According to a News and Observer story available here, MySpace has provided the Attorney General’s office with a list of 2,116 registered North Carolina sex offenders who were on MySpace. (You can read more about this in the AG’s press release, here.) The SBI has shared the list with all 100 sheriffs, and the SBI’s computer crimes folks are apparently working with the sheriffs and with probation to address the issue.
Does this mean that the courts should brace themselves for an influx of 2,116 cases charging violations of new G.S. 14-202.5, which makes it a Class I felony for a registered sex offender to “access a commercial social networking Web site where the sex offender knows that the site permits minor children to become members,” or to create or maintain a page on such a site?
Maybe not. For one thing, neither the story nor the press release indicate how many of the offenders have “access[ed]” MySpace since G.S. 14-202.5 took effect on December 1, 2008. For another, I can imagine at least some sheriffs, in at least some cases, choosing to warn offenders instead of charging them, given the recent vintage of the prohibition. Still, I wouldn’t be surprised if a number of prosecutions did result from this, particularly if there are sex offenders who appear to be using MySpace as a means of initiating contact with minors. I’d expect some interesting defenses, including First Amendment challenges to the law, as well as defenses based on lack of proof of access or lack of proof of knowledge that the site permits minors to join. Apparently, the AG is seeking similar information from Facebook, so there may be a second wave before long.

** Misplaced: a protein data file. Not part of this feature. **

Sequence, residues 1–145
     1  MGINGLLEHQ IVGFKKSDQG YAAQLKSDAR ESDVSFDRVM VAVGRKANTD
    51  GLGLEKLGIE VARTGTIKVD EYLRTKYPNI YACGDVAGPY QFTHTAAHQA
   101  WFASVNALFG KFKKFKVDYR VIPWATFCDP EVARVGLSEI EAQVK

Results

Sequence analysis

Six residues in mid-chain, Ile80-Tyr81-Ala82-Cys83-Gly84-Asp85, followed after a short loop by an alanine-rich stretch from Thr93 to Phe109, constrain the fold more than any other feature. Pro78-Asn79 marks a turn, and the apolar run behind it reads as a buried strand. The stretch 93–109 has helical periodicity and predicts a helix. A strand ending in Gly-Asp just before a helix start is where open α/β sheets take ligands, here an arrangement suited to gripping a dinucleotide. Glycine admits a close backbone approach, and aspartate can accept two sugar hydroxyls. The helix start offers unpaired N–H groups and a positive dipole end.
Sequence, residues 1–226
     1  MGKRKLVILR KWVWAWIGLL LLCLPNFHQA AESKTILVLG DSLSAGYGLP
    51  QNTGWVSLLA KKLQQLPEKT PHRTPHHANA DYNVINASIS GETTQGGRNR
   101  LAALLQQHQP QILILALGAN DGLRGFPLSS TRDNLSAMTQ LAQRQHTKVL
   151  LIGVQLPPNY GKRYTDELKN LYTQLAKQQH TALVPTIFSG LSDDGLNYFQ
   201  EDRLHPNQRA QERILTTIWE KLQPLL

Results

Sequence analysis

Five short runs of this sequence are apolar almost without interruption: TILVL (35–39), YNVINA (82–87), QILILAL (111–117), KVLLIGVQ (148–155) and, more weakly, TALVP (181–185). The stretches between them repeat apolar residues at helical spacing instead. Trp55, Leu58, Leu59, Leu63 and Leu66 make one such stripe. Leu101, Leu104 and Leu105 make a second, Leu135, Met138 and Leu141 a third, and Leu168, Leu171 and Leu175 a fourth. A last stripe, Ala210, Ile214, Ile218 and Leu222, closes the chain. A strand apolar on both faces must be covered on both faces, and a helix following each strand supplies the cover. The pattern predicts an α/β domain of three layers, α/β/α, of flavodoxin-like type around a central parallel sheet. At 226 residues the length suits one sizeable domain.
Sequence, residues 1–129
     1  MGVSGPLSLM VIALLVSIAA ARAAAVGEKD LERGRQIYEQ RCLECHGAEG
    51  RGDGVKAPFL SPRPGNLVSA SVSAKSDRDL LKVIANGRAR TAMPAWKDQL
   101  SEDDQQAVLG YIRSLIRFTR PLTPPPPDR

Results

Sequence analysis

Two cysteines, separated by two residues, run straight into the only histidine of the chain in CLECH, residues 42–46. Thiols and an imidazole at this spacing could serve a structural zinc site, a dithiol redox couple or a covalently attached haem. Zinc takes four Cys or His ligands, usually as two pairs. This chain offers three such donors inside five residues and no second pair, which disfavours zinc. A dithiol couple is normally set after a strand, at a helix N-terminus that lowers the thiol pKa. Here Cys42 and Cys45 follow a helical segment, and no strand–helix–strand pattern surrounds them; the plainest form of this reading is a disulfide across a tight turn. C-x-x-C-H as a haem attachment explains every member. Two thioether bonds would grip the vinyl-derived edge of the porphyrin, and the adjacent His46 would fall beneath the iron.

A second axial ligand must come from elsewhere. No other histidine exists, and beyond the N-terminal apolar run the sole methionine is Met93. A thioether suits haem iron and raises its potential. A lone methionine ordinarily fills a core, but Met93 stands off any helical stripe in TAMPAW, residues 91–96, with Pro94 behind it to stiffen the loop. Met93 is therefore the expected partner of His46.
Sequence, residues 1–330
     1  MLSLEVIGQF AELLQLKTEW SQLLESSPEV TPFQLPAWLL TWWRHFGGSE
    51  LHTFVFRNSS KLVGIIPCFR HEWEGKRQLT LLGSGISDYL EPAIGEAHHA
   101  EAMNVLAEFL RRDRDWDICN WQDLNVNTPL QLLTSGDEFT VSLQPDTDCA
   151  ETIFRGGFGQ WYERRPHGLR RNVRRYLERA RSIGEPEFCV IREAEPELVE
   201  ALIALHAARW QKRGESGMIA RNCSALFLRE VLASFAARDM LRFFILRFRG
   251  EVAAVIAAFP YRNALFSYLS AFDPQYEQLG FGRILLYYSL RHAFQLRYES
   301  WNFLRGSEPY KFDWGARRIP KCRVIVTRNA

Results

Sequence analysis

As an aside, the AG’s press release indicates that MySpace released the information pursuant to a subpoena. I wonder what sort of subpoena it was — in general, N.C. R. Civ. P. 45 allows subpoenas to issue only when an “action is pending,” and that rule applies to criminal cases, too. Given the breadth of the subpoena, I doubt that it is the result of a pending criminal case, and I’m not aware of a pending civil case that would support the issuance of the subpoena. My guess is that the subpoena was issued under the SBI’s limited administrative subpoena power under G.S. 15A-298, which allows it to access “local or long-distance toll records or subscriber information” maintained by a “communications common carrier or an electronic communications service.” There might be some doubt about whether MySpace qualifies as such a carrier or service, but I can’t see much incentive for them to fight the subpoena.